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Hitting: 60. Power: 40. Running: 60. Fielding: 50. Arm: 50. TRACK RECORD: Turang became well known in scouting circles early in his high school years, playing for USA Baseball’s 15U National Team in 2014. He put himself in the conversation among the top prep hitters in the country, winning a gold medal for Team USA and making the all-tournament team at the U-18 World Cup in 2017. Turang didn’t quite meet the high expectations scouts had for him as a senior and slid down the first round to the Brewers, who drafted him 21st overall and signed him for $3.411 million. In his first full season in 2019, Turang hit well in the low Class A Midwest League, though he struggled after a promotion to high Class A Carolina as a 19-year-old. With the 2020 season wiped out due to the coronavirus pandemic, Turang reported to the team’s alternate training site in Appleton, Wis., where he was the Brewers’ best hitter and started to drive the ball with more impact. SCOUTING REPORT: Turang consistently puts together quality at-bats with his sharp eye for the strike zone and sweet lefthanded swing. He’s a patient hitter who doesn’t chase much off the plate and drew walks 15% of the time in 2019. He has a calm, balanced swing with good bat-to-ball skills and stays through the ball, leading to an all-fields, line-drive approach. The knock on Turang coming into 2020 was his well below-average power, which got exposed once the Brewers promoted him to the Carolina League. Turang did a better job of driving the ball with more authority in Appleton. The Brewers kept an internal “barrel” board of hitters with exit velocities of 95 mph or better at the alternate site, and Turang was consistently among the leaders throughout the summer. Turang didn’t change his swing, but he added strength and adjusted his approach in favorable counts to drive the ball for more damage. He still doesn’t project as a big power threat, but optimistic evaluators now think 15-20 home runs in his prime is feasible. Turang is a plus runner who has shown good instincts on the basepaths. He has a solid chance to stay at shortstop, where his hands and feet work well. He’s adept at charging in on the ball and ranging toward second base, and he has worked to improve his throws from the hole with his average arm strength. THE FUTURE: If Turang can continue to show the uptick in his hard-hit rate, he has the components to be an on-base threat who can hit toward the top of a lineup. After what he showed at the alternate training site, he should be ready to jump to Double-A in 2021.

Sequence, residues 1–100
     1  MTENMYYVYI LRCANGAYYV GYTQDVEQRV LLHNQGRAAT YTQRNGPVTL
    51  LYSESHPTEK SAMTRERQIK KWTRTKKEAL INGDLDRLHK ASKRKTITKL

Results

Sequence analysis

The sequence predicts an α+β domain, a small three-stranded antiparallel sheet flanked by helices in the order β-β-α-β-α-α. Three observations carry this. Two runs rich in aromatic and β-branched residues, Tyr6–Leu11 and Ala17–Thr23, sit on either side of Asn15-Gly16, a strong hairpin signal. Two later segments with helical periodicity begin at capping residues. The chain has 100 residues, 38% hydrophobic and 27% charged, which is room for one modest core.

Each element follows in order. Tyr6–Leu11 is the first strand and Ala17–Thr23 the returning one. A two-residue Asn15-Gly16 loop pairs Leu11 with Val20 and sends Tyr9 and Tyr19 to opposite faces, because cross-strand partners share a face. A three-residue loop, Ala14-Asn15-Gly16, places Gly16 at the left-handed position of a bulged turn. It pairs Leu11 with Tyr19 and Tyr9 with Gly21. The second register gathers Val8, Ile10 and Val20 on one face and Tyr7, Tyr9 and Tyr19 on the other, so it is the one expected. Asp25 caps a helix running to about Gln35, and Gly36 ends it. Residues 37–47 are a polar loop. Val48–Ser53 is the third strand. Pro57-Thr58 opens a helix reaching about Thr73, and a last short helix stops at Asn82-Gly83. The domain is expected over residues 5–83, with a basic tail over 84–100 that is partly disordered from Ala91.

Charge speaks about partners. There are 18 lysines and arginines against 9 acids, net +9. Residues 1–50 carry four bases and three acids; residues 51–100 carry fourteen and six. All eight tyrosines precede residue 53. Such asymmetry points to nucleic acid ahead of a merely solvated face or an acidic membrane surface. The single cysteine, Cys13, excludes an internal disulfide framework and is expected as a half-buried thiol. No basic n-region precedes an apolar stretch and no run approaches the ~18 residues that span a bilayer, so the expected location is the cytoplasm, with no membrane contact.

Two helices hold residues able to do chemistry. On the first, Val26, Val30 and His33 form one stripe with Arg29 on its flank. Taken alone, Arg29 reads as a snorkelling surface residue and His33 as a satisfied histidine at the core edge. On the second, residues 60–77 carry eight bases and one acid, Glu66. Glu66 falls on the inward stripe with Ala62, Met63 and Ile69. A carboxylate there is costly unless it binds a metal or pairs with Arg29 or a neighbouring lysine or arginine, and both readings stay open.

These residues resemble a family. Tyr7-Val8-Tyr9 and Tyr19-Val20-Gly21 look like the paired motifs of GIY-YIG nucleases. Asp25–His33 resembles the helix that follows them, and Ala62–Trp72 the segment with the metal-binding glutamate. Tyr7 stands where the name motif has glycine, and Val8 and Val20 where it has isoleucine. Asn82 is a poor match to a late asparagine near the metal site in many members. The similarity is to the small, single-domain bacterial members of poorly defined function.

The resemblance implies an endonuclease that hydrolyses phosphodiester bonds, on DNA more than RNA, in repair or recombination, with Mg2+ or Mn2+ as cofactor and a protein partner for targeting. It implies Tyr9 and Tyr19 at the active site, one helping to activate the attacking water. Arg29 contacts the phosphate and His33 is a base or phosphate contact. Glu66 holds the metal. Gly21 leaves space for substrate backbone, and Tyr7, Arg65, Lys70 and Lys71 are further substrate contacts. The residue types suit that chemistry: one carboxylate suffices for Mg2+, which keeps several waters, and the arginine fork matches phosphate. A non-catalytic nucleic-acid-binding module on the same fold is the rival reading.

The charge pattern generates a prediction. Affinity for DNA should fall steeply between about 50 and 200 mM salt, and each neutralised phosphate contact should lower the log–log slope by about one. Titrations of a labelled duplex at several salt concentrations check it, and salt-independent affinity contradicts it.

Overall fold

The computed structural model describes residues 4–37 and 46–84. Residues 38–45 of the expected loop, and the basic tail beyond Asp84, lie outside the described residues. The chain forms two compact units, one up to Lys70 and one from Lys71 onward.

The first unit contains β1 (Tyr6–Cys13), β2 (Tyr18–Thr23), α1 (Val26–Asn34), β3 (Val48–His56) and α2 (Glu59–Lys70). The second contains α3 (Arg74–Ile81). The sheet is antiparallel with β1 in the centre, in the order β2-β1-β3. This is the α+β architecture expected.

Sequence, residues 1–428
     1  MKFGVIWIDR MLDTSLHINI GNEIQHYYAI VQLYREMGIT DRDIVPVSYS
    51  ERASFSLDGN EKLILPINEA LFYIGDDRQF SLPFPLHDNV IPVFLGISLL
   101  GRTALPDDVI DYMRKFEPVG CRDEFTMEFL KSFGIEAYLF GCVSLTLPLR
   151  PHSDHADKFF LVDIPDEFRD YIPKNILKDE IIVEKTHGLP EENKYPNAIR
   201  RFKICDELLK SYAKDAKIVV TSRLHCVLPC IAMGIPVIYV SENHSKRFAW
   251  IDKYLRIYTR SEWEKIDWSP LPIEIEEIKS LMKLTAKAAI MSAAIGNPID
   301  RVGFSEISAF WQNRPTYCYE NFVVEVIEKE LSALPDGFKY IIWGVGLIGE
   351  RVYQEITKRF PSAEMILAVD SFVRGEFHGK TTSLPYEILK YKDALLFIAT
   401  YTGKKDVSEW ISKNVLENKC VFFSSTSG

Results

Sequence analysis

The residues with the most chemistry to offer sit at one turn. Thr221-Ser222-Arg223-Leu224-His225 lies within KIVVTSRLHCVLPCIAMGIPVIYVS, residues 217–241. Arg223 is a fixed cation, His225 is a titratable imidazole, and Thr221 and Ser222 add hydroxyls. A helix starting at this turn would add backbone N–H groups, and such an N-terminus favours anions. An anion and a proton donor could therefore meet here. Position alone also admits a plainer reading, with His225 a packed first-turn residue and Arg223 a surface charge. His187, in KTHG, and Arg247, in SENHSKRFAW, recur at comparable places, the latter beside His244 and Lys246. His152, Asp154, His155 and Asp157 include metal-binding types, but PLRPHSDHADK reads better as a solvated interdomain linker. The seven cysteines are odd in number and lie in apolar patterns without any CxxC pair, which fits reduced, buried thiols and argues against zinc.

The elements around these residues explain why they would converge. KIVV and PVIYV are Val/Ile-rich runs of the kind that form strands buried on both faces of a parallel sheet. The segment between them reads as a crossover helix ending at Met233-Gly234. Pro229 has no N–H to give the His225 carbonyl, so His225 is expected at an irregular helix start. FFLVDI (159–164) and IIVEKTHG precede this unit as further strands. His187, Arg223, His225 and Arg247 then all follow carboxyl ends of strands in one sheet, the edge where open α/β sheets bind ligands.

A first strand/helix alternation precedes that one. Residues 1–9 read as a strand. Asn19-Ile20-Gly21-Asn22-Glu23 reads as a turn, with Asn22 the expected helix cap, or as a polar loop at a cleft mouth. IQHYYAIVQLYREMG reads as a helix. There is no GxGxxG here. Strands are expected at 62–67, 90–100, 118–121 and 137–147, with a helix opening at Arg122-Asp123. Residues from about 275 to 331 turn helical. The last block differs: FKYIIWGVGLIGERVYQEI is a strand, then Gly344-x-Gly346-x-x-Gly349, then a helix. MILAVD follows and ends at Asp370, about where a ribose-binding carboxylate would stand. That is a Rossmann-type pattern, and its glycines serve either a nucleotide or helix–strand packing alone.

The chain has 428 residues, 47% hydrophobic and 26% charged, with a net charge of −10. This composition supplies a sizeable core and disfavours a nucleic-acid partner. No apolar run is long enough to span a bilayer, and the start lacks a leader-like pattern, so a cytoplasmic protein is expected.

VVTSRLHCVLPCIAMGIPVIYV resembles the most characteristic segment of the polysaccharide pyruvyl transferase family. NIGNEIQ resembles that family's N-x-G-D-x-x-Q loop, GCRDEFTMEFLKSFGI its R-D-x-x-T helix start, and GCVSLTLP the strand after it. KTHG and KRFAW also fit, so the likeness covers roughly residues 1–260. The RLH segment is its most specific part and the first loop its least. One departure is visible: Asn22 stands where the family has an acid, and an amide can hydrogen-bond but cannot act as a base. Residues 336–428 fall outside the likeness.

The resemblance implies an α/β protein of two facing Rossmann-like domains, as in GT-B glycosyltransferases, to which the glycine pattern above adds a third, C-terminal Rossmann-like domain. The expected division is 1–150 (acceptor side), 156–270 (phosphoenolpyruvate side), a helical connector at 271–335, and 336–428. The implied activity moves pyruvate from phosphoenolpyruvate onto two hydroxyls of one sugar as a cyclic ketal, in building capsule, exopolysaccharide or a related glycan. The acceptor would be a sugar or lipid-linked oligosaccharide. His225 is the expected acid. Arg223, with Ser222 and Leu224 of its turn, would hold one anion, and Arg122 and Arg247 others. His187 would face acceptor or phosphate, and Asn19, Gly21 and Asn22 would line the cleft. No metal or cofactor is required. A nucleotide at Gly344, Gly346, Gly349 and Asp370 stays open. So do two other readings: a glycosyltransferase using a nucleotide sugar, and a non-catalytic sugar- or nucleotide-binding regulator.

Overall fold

Hitting: 55. Power: 55. Running: 80. Fielding: 60. Arm: 60. TRACK RECORD: Mitchell hit .349/.418/.566 as a sophomore at UCLA in 2019 and led the nation with 12 triples. He was off to a strong start in 2020 and had arguably the best pure tools in the draft class, but concerns about his Type 1 diabetes were among the reasons he fell on draft day. He fell to the Brewers at No. 20 overall and signed for $3,242,900. Mitchell made his organizational debut in instructional league, though a strained quad limited his time. SCOUTING REPORT: A physical, explosive athlete, Mitchell is an 80 runner on the 20-80 scouting scale. He covers huge swaths of ground in center field, where he projects as a plus defender with a plus arm. Mitchell’s offensive approach was built around his speed at UCLA. There’s some choppiness to his swing, which is geared to hit low line drives and use his wheels to stretch out extra-base hits. Mitchell shows plus raw power in batting practice, but his approach limits his ability to apply it in games. Mitchell has worked on getting his lower half more engaged in his swing to try to do more damage, but it remains to be seen how much power he will be able to unlock. THE FUTURE: Mitchell can be a polarizing player, but if he can translate his power into games, he has all-star upside. He’ll make his pro debut in 2021.
Hitting: 60. Power: 55. Running: 60. Fielding: 55. Arm: 60. TRACK RECORD: Perez is the son of former major league outfielder Robert Perez and trained with his father before signing with the Brewers for $700,000 in 2019. His impressive blend of athleticism, tools and advanced baseball skills gave the Brewers confidence to push him to the alternate training site in 2020 as a 17-year-old, making him the youngest player on any 60-man player pool. He was one of the Brewers’ top performers at instructional league in the fall. SCOUTING REPORT: Perez could soon be the top prospect in the organization. He has a fast, easy and efficient swing from the left side with strong bat-to-ball skills and a firm grasp of the strike zone. He has at least above-average raw power and could develop more with continued physical growth. Perez has added considerable muscle the past couple of years and is a plus runner with quick acceleration in center field. He reads balls well off the bat and takes efficient routes for a 17-year-old. His strong arm is another plus tool. He’s also a fluent English speaker whose maturity and charismatic personality endear him to teammates and coaches. THE FUTURE: Perez has a chance to be an impact player at a premium position. He’s still a teenager who has yet to make his pro debut, but he could be a fast riser through the system.